European Journal of Plant Pathology

, Volume 151, Issue 2, pp 321–328 | Cite as

Effect of mint oil against Botrytis cinerea on table grapes and its possible mechanism of action

  • Ren Xueuan
  • Song Dandan
  • Liang Zhuo
  • Kong QingjunEmail author


This paper assessed the antifungal effects of sage oil, lavender oil, mint oil, and tea tree oil on the postharvest fungal pathogen, Botrytis cinerea, which causes gray molds. The change of morphology, physiological, and biochemical characteristics about fungal hyphae and conidia were determined. As results show, all four oils can effectively inhibit the growth of B.cinerea and the antifungal effects are dose dependent. The best antifungal effect has been found from mint oil. According to in vitro studies, volatile vapor worked better than direct contact. With volatile vapor, the growth of B.cinerea was inhibited completely at 2 for all four oils. Mint oil at 500 μL/L and its volatile vapor at 25 could inhibit both conidia germination and disease incidence significantly in vivo. Observations by using scanning electron microscope and transmission electron microscope revealed that, mint oil could destroy the ultrastructure of hyphae and conidia, resulting in markedly shriveling and crinkling of the hyphae and conidia. It could also thicken and disrupt cell wall, causing cellular nucleic acids and proteins divulged with the damage of the cell wall. The chemical composition analysis of mint oil using GC/MS revealed that its main components were cyclohexanol, cyclohexanone, and some alkenes and alkanes. The majority of the components were effective antifungal agents. The content of volatile cyclohexanol and cyclohexanone were found to be 39.79% and 22.24% respectively.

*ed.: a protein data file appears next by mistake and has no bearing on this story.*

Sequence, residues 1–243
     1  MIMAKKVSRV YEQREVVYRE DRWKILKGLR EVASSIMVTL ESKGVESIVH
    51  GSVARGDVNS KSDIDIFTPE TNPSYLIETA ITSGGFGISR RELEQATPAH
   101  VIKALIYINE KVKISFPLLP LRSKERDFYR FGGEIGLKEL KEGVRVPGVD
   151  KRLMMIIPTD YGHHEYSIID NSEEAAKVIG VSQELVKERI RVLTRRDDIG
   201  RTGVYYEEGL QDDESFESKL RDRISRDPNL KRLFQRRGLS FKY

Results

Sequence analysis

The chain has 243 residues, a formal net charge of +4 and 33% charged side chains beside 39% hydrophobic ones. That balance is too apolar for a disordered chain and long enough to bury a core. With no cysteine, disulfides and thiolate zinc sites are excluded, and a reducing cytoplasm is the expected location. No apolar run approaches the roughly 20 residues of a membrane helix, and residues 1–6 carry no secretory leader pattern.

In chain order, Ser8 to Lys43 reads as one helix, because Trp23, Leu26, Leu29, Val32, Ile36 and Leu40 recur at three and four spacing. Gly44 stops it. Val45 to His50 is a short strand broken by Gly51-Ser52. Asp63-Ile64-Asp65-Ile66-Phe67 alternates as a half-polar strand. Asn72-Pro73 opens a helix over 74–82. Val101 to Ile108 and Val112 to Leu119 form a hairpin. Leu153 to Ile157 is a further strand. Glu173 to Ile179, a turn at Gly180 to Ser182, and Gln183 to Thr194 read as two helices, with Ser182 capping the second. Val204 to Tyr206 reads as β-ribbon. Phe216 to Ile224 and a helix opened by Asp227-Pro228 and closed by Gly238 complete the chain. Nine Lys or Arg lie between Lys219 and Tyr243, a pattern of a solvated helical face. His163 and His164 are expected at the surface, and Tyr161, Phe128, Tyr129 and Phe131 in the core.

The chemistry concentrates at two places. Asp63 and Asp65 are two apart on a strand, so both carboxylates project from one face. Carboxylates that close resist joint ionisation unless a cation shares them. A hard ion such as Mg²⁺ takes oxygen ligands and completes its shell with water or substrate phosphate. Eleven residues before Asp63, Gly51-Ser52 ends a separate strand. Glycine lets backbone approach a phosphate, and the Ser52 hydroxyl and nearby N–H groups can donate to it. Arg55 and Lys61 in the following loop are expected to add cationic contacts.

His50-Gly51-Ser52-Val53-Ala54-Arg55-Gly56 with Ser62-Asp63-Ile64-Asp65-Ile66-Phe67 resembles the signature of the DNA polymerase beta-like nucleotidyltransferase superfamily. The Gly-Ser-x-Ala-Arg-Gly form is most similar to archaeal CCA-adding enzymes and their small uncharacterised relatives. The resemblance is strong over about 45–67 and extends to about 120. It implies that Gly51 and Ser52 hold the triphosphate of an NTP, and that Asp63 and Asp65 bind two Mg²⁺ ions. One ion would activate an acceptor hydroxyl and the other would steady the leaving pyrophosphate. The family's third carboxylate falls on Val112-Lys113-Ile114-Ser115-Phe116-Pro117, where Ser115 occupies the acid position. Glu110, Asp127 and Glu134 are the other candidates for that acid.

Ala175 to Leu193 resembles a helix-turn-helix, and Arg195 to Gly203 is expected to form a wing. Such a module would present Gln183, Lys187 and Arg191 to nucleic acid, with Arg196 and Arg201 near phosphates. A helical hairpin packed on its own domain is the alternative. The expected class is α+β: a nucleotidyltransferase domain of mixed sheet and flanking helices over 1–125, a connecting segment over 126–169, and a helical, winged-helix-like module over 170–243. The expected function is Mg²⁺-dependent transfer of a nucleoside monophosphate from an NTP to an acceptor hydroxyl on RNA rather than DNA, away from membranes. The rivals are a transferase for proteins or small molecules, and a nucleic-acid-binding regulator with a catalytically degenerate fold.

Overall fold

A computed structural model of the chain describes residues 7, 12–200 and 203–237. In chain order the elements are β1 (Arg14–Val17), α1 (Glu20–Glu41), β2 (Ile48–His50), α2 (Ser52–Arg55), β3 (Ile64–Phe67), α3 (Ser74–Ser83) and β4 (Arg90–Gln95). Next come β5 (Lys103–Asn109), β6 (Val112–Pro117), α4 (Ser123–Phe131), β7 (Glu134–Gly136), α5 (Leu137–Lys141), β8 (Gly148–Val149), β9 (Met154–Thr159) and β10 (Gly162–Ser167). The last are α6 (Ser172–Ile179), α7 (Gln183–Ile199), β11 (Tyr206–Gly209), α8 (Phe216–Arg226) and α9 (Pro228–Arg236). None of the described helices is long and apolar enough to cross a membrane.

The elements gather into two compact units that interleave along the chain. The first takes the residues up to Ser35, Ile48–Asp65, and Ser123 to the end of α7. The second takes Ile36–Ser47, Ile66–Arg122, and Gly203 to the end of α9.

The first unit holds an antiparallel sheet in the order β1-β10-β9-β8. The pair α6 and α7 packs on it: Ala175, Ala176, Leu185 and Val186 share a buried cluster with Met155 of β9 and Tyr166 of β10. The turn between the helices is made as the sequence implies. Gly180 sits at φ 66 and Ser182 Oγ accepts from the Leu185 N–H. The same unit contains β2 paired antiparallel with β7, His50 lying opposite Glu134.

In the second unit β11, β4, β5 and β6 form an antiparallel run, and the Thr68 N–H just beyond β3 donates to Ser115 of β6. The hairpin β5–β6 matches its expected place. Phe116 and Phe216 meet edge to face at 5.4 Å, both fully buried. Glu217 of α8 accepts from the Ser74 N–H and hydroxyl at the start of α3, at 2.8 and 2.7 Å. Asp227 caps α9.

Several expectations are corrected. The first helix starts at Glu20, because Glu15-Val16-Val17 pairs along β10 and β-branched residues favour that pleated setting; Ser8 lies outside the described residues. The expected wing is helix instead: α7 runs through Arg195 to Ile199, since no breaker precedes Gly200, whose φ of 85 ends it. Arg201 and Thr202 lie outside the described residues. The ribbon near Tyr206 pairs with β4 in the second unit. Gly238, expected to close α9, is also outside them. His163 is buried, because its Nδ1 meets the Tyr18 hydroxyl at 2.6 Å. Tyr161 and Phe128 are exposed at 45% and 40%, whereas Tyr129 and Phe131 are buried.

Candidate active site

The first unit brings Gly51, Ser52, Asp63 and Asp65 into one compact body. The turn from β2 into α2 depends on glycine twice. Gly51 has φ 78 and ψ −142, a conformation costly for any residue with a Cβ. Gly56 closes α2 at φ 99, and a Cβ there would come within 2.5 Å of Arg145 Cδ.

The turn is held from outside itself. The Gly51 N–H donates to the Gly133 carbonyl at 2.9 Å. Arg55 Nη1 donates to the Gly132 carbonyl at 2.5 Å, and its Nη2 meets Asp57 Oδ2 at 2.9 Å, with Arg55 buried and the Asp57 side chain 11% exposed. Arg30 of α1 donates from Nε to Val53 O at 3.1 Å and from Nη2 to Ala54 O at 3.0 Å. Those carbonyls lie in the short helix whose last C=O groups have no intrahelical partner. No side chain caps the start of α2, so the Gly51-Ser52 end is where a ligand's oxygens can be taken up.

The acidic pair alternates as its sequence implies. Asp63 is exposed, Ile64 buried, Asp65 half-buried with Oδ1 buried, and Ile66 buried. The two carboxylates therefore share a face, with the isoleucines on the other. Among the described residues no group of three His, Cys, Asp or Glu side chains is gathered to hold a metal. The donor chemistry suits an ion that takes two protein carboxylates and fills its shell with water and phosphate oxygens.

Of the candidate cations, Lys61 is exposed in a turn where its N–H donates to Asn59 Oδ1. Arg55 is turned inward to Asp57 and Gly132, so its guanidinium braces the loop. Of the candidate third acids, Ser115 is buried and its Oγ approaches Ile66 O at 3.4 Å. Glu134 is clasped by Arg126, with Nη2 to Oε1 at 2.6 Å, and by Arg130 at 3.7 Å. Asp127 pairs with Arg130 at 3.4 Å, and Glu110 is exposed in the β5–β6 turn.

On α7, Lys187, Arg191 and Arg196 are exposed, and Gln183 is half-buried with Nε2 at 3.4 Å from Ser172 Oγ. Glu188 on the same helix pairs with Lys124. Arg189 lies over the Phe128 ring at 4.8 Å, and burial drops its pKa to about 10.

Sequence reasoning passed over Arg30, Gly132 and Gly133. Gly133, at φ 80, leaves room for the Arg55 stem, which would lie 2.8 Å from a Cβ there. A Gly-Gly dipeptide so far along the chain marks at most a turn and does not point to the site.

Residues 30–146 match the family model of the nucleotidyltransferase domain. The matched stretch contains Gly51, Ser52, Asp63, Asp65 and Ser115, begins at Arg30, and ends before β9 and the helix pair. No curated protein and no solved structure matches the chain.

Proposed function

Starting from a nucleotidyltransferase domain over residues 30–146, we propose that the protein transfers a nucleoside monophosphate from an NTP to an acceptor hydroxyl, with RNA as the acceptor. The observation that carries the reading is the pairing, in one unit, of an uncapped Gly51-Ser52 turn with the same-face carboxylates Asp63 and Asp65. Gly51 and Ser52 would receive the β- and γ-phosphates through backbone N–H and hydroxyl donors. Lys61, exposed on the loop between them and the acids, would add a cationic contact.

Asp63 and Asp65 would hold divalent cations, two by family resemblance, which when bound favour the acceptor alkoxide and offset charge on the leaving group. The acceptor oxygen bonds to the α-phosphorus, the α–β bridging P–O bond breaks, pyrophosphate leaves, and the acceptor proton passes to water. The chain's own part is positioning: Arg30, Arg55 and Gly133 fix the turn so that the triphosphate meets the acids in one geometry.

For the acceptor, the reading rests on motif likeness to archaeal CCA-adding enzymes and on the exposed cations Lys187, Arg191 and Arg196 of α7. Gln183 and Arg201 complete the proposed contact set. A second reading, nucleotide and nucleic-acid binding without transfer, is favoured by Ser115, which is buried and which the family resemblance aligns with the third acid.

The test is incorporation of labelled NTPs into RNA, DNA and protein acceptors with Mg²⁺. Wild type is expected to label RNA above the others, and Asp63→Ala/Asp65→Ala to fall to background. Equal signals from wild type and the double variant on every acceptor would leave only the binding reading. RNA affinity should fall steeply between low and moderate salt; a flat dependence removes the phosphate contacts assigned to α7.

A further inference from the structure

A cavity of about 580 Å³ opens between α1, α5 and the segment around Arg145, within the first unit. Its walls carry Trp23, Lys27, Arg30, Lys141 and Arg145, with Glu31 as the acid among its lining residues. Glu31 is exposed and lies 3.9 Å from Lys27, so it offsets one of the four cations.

Essential oil Antifungal agent B.Cinerea Grapes 



This work was financially supported by National Natural Sciences Foundation of China (31260402, 31460411, 21362028 and 31671904), the Fundamental Research Funds for the Central Universities (GK201603095), Agricultural science and technology innovation and research (2016NY-184 and 2016NY-195), Oversea Scholarship Program of Shaanxi Normal University, and One Hundred Person Project of Shaanxi Province.

Conflict of Interest

The authors declare that they have no conflict of interest.

Ethical Approval

All procedures performed in studies involving human participants were in accordance with the ethical standards of the institutional and/or national research committee and with the 1964 Helsinki declaration and its later amendments or comparable ethical standards.

Animal Studies

This article does not contain any studies with animals performed by any of the authors.

Informed consent

Informed consent was obtained from all individual participants included in the study.


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Copyright information

© Koninklijke Nederlandse Planteziektenkundige Vereniging 2017

Authors and Affiliations

  • Ren Xueuan
    • 1
  • Song Dandan
    • 1
  • Liang Zhuo
    • 1
  • Kong Qingjun
    • 1
    Email author
  1. 1.College of Food Engineering and Nutritional ScienceShaanxi Normal UniversityXi’anChina

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